This morning a SWAT team was called to the family home of David Hogg, the Parkland shooting survivor and anti-gun activist. Fortunately, Hogg and his mother were in Washington, D.C., but this David Hogg swatting attempt is the latest in a disturbing trend of attempting to silence critics of gun reform.
The Broward County Sheriff’s Office received an anonymous call alerting them to a hostage situation at the Hogg home. But when the Coral Springs Fire Rescue team arrived, they discovered the call was a hoax. But that wasn’t until a SWAT team was dispatched, along with multiple police crews and a helicopter.
Hogg wasn’t home at the time. Instead, he was accepting the RFK Human Rights award. He only found out about the swatting afterward from a friend who called. Hogg said the swatting was “really a distraction from what we’re trying to fix here, which is the massive gun violence epidemic in this country.”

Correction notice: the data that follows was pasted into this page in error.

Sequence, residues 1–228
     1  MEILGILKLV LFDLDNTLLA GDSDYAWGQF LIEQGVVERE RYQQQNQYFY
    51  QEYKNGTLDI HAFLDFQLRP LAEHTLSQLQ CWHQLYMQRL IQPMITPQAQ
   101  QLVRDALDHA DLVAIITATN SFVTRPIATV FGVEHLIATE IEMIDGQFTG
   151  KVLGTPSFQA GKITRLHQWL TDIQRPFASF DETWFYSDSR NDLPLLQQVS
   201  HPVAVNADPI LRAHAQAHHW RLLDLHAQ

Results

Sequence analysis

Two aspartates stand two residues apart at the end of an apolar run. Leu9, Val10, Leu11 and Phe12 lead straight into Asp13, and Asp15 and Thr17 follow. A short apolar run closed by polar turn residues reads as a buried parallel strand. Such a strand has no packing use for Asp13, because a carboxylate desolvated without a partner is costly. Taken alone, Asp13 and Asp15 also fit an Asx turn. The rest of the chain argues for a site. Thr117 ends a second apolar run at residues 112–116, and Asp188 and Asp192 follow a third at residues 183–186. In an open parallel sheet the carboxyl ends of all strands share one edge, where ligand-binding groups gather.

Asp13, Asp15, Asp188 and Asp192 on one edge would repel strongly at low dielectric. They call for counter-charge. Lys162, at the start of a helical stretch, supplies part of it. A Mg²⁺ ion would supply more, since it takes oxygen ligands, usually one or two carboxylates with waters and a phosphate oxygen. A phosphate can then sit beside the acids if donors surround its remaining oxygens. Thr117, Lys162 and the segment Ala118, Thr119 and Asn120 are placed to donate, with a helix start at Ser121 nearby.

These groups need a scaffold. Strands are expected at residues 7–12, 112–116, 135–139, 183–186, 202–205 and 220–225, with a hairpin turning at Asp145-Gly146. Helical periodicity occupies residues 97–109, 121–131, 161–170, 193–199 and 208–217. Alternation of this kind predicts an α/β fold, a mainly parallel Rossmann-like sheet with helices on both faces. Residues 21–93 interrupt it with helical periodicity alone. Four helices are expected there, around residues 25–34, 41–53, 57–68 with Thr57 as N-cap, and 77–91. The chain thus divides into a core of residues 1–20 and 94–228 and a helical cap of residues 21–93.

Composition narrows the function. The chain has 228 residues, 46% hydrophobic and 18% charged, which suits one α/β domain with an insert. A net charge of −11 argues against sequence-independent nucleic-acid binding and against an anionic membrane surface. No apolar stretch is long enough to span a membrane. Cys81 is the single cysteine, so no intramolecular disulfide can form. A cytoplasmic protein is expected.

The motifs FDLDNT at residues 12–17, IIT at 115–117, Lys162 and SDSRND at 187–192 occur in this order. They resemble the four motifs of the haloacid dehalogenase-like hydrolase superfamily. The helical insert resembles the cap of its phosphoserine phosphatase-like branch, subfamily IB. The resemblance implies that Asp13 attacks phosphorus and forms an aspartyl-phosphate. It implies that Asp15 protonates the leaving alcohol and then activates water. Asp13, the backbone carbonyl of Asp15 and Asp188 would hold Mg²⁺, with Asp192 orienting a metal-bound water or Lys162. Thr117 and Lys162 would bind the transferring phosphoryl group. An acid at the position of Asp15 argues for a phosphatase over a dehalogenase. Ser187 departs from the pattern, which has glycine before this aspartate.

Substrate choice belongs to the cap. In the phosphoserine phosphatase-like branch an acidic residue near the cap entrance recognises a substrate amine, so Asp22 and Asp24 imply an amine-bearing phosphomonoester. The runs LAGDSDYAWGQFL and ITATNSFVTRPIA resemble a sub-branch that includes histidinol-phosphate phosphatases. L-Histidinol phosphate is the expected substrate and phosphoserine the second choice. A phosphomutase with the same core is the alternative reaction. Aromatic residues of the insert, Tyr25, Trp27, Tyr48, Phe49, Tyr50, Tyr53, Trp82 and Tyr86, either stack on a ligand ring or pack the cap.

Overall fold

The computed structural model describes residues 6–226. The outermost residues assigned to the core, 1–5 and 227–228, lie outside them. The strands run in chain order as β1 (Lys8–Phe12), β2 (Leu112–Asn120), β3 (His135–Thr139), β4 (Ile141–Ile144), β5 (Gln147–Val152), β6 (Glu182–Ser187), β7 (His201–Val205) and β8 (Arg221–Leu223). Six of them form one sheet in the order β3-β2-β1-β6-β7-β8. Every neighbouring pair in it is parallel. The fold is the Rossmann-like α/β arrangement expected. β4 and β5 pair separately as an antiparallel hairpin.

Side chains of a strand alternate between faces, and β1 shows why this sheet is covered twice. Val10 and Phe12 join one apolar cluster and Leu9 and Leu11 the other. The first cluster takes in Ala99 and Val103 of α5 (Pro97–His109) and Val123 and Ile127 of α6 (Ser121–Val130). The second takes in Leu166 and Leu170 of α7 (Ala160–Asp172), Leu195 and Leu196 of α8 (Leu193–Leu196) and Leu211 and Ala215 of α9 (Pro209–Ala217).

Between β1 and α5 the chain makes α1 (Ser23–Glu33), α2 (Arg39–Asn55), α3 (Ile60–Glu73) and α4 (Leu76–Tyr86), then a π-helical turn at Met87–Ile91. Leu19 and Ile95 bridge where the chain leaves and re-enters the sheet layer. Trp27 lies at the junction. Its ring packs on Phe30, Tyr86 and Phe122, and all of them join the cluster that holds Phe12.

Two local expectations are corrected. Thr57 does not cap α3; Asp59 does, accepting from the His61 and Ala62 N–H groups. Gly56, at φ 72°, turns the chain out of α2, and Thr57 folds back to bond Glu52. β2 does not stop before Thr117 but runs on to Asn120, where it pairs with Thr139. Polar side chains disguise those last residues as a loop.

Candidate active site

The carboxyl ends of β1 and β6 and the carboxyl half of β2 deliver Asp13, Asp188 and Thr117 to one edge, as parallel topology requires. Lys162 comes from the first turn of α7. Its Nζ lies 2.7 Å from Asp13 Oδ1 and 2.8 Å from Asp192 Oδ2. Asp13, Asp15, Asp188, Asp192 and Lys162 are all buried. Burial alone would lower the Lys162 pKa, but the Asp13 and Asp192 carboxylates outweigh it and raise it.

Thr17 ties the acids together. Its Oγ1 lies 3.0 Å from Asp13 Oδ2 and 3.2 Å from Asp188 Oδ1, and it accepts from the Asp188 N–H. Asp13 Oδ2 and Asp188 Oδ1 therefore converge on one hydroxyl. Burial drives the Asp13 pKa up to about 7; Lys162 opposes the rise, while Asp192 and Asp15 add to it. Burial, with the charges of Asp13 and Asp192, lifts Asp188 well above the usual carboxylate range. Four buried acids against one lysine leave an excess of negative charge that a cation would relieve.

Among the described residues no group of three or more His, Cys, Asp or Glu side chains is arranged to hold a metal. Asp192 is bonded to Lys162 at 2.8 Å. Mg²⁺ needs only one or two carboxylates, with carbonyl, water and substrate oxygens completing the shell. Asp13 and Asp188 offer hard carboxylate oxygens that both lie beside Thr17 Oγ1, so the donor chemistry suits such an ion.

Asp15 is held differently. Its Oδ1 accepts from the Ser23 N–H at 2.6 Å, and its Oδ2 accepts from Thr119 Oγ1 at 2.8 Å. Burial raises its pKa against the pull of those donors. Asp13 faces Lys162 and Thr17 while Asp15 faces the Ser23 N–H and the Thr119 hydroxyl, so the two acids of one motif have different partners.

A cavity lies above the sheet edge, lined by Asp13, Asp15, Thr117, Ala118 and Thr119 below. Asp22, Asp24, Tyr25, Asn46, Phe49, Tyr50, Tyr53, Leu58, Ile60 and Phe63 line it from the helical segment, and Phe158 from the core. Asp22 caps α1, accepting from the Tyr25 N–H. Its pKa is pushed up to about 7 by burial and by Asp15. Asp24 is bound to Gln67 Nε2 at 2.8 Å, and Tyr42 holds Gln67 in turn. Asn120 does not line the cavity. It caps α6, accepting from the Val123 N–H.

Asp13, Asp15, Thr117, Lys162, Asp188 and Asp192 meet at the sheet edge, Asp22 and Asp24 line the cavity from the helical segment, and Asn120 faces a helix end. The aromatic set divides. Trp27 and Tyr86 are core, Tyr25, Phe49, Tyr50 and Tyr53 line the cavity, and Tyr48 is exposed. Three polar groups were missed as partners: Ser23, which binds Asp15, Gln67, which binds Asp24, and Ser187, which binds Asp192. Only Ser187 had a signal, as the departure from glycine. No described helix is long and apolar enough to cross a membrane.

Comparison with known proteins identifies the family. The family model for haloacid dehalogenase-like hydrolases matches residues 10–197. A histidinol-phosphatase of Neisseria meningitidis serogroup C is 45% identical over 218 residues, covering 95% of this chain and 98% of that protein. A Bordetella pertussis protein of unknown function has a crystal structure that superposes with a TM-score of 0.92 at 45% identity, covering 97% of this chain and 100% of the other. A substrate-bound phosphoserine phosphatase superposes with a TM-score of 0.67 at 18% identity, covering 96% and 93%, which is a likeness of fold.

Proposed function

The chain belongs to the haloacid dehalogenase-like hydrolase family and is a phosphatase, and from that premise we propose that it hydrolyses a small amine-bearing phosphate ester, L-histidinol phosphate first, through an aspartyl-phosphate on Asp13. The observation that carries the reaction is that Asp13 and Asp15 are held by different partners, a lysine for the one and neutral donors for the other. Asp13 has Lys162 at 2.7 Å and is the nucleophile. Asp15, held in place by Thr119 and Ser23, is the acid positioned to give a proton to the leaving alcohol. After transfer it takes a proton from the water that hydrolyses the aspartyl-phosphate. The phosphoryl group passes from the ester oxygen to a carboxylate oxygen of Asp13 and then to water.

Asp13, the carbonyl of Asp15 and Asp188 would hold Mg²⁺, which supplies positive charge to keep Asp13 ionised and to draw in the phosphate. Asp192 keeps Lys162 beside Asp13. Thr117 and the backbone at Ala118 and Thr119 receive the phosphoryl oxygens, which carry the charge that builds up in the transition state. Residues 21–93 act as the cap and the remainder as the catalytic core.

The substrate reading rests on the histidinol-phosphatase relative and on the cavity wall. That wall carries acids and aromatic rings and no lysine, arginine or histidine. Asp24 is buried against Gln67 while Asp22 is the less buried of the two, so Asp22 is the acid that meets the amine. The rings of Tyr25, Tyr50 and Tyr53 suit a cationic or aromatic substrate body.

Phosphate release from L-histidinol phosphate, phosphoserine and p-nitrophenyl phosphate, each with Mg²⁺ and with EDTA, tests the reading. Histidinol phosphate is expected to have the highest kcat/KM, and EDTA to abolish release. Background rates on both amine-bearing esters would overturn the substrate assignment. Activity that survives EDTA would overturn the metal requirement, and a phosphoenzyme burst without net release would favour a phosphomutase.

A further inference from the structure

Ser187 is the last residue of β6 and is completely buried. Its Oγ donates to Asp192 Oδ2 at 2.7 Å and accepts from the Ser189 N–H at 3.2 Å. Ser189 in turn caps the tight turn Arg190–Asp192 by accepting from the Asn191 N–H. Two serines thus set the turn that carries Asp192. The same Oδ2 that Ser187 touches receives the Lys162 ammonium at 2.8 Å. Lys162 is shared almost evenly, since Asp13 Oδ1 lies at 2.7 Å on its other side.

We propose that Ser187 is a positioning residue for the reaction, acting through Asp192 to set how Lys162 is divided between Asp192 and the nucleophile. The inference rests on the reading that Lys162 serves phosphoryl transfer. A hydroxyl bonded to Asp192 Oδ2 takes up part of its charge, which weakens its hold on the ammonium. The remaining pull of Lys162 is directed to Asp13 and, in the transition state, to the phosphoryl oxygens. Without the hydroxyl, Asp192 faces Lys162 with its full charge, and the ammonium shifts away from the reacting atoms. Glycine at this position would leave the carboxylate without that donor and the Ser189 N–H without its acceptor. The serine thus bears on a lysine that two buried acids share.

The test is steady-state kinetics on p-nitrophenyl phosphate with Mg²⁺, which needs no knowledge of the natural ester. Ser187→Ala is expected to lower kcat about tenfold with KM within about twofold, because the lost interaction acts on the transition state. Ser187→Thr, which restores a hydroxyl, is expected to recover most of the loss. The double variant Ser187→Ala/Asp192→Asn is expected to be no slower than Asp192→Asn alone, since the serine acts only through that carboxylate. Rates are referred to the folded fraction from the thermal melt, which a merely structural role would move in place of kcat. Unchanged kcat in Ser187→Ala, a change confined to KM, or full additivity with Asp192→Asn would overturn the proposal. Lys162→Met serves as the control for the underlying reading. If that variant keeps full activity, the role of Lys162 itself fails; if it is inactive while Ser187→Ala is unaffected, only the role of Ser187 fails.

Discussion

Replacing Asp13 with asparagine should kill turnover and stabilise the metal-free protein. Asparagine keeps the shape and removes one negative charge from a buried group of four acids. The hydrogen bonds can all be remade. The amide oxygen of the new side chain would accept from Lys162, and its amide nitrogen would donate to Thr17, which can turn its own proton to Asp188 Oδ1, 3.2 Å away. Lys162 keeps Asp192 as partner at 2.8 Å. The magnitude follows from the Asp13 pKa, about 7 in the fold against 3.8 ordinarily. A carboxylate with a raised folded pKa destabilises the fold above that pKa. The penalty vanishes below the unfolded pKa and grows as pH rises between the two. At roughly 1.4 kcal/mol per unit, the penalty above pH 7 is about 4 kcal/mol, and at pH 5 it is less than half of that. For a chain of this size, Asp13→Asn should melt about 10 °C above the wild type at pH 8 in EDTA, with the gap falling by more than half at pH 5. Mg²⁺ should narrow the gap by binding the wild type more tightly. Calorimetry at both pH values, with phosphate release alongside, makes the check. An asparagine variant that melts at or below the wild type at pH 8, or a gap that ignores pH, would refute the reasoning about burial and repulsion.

“Swatting” refers to a third party calling the police, claiming a high-risk crime is happening at an address. In the case of this David Hogg swatting, the caller claimed a hostage situation was happening at the Hogg home.
Though swatting is often referred to as a “prank,” most pranks don’t have a high potential to kill their victims. Similarly, most pranks don’t carry a felony charge. Even if no one is killed, swatting often leads to property damage as police break into what they think is a dangerous situation, and the killing of pets.
The danger of swatting is also tied in with the militarization of police forces — meaning that local police have military-grade weaponry, including grenade launchers and anti-landmine vehicles.
Hogg held a “die-in” at a Publix last week to protest the company’s support of a far-right, pro-gun gubernatorial candidate. The protest was successful and Publix pledged to stop all political contributions as it “re-evaluates its giving processes.”